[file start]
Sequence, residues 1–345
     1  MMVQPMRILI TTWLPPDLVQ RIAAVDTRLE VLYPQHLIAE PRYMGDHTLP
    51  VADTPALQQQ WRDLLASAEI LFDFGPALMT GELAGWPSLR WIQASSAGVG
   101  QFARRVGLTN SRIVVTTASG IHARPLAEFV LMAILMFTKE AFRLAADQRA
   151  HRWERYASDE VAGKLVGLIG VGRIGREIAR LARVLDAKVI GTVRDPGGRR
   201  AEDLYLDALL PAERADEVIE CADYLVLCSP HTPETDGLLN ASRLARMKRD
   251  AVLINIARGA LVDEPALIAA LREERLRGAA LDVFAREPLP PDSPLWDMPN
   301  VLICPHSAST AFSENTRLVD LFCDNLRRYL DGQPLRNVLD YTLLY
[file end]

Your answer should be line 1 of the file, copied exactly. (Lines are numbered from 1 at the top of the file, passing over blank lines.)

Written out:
Sequence, residues 1–345